Trump Quietly Slashed Pay Raise for Federal Workers a Day Before Claiming US Economy Is Best ‘In History’
In a move that drew outrage from labor unions and progressives, President Donald Trump this week quietly took steps to slash a scheduled pay raise for millions of federal workers from 2.5% to 1% due to supposed concerns about "keeping the nation on a fiscally sustainable course."
President Trump released a $4.8 trillion budget proposal on Monday that includes a familiar list of deep cuts to student loan assistance, affordable housing efforts, food stamps and Medicaid, reflecting Mr. Trump’s election-year effort to continue shrinking the federal safety net.
The decision to move Colonel Vindman out of the White House complex, reported previously by Bloomberg News and The Washington Post, came as Mr. Trump and his allies have made clear that they will seek to exact payback against those he blames for triggering his impeachment and trial.
Moving to counter the spreading coronavirus outbreak, the Trump administration said Friday that it would bar entry by most foreign nationals who had recently visited China and put some American travelers under a quarantine as it declared a rare public health emergency.
The Trump administration said on Thursday that it would allow states to cap Medicaid spending for many poor adults, a major shift long sought by conservatives that gives states the option of reducing health benefits for millions who gained coverage through the program under the Affordable Care Act.
A Democratic super PAC will begin airing attack ads in Iowa against Senator Bernie Sanders of Vermont on Wednesday, marking the first time a Democratic organization has run a negative campaign spot targeting Mr. Sanders by name in either of his two primary campaigns.
President Trump called the plan, which would discard the longtime goal of granting the Palestinians a full-fledged state, a “win-win” for both sides. The event in the East Room of the White House had a Kabuki-theater quality to it as Mr. Trump ended years of suspense over a highly anticipated peace plan. But rather than viewing it as a serious blueprint for peace, analysts called it a political document by a president in the middle of an impeachment trial working in tandem with a prime minister under criminal indictment and about to face his third election in the span of a year.
President Trump told his national security adviser in August that he wanted to continue freezing $391 million in security assistance to Ukraine until officials there helped with investigations into Democrats including the Bidens, according to an unpublished manuscript by the former adviser, John R. Bolton.
Lev Parnas, the Soviet-born businessman who played a central role in the campaign to pressure Ukraine to investigate political rivals of President Trump, completed his break with the White House on Wednesday, asserting for the first time in public that the president was fully aware of the efforts to dig up damaging information on his behalf.
For 10 days, President Trump and his team have struggled to describe the reasoning behind the decision to launch a drone strike against Maj. Gen. Qassim Suleimani, the commander of Iran’s elite security forces, propelling the two nations to the brink of war. Officials agree they had intelligence indicating danger, but the public explanations have shifted by the day and sometimes by the hour.On Sunday came the latest twist. Defense Secretary Mark T. Esper said he was never shown any specific piece of evidence that Iran was planning an attack on four American embassies, as Mr. Trump had claimed just two days earlier.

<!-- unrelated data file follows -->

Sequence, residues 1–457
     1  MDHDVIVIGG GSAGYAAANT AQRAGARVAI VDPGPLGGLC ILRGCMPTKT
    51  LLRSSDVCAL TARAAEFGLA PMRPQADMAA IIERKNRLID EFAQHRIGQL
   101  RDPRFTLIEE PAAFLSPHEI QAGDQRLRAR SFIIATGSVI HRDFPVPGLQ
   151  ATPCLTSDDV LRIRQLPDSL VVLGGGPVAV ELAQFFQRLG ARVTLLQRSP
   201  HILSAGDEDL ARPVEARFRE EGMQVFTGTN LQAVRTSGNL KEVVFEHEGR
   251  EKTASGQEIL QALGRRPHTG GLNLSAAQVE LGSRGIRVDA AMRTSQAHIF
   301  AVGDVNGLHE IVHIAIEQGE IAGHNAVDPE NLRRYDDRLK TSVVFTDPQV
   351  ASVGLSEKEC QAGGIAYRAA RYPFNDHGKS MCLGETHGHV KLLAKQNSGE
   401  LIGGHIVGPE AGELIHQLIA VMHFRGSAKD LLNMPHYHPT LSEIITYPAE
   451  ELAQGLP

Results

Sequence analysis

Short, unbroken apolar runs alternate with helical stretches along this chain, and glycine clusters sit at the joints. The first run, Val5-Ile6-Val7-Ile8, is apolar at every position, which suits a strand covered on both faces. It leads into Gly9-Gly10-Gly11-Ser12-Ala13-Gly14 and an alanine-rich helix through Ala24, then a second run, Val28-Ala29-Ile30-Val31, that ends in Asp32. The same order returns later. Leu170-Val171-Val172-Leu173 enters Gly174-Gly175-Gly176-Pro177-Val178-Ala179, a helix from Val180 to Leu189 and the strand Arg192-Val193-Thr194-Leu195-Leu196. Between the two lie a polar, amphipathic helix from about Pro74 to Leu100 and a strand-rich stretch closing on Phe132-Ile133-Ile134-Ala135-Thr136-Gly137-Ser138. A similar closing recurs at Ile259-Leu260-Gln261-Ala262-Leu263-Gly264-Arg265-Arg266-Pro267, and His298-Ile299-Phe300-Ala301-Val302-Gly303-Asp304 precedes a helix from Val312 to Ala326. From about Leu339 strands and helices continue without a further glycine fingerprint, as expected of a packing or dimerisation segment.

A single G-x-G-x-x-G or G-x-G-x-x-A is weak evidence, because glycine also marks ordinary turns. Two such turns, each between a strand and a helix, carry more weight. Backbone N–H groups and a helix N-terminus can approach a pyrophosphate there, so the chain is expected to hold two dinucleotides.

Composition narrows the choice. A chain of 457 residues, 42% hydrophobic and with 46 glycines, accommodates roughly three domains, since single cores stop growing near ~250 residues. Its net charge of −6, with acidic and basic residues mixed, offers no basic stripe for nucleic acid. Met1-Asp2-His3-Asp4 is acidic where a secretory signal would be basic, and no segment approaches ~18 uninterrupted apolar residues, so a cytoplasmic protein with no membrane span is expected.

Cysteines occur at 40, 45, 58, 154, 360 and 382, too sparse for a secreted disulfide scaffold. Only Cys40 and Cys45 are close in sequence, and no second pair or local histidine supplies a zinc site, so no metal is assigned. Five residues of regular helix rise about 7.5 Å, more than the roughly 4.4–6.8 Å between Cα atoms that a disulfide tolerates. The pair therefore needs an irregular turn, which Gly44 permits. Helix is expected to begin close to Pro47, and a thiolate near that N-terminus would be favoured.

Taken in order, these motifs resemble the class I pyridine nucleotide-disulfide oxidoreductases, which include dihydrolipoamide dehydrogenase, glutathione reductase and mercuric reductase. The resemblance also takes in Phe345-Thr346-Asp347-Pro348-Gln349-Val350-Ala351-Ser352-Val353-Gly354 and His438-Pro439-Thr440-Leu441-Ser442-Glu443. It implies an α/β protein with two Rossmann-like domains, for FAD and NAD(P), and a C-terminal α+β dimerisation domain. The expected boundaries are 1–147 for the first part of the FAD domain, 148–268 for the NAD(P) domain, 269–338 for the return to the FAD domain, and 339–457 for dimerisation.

The White House on Thursday introduced major changes to the nation’s benchmark environmental protection law, moving to ease approval of major energy and infrastructure projects without detailed environmental assessment or consideration of climate change.
Last week, Secretary of State Mike Pompeo was the loudest voice in the administration pushing President Trump to kill Iran’s most important general. This week, he is back in his role as the nation’s top diplomat, trying to contain the international crisis the general’s death created.
President Trump backed away from further military action against Iran on Wednesday and called for a new diplomatic effort as the bristling confrontation of the last six days appeared to ease after Iranian missile strikes that proved more symbolic than deadly.
Iran fired more than a dozen ballistic missiles at two military bases in Iraq where American troops are based, the Pentagon said Tuesday. “It is clear that these missiles were launched from Iran and targeted at least two Iraqi military bases hosting U.S. military and coalition personnel at Al-Asad and Erbil,” Jonathan Hoffman, the Pentagon’s chief spokesman, said in a statement.
President Trump on Sunday evening doubled down on his claim that he would target Iranian cultural sites if Iran retaliated for the targeted killing of one of its top generals, and threatened “very big sanctions” on Iraq if American troops are forced to leave the country.
President Trump ordered the killing of the powerful commander of Iran’s Revolutionary Guards Corps, Maj. Gen. Qassim Suleimani, in a drone strike on the Baghdad International Airport early Friday, American officials said. General Suleimani’s death was confirmed by official Iranian media.
The United States military on Sunday struck five targets in Iraq and Syria controlled by an Iranian-backed paramilitary group, in response to a rocket attack on Friday that killed an American contractor, the Pentagon said. The airstrikes, carried out by Air Force F-15E fighter planes, hit three locations in Iraq and two in Syria, all controlled by the paramilitary group, Kataib Hezbollah.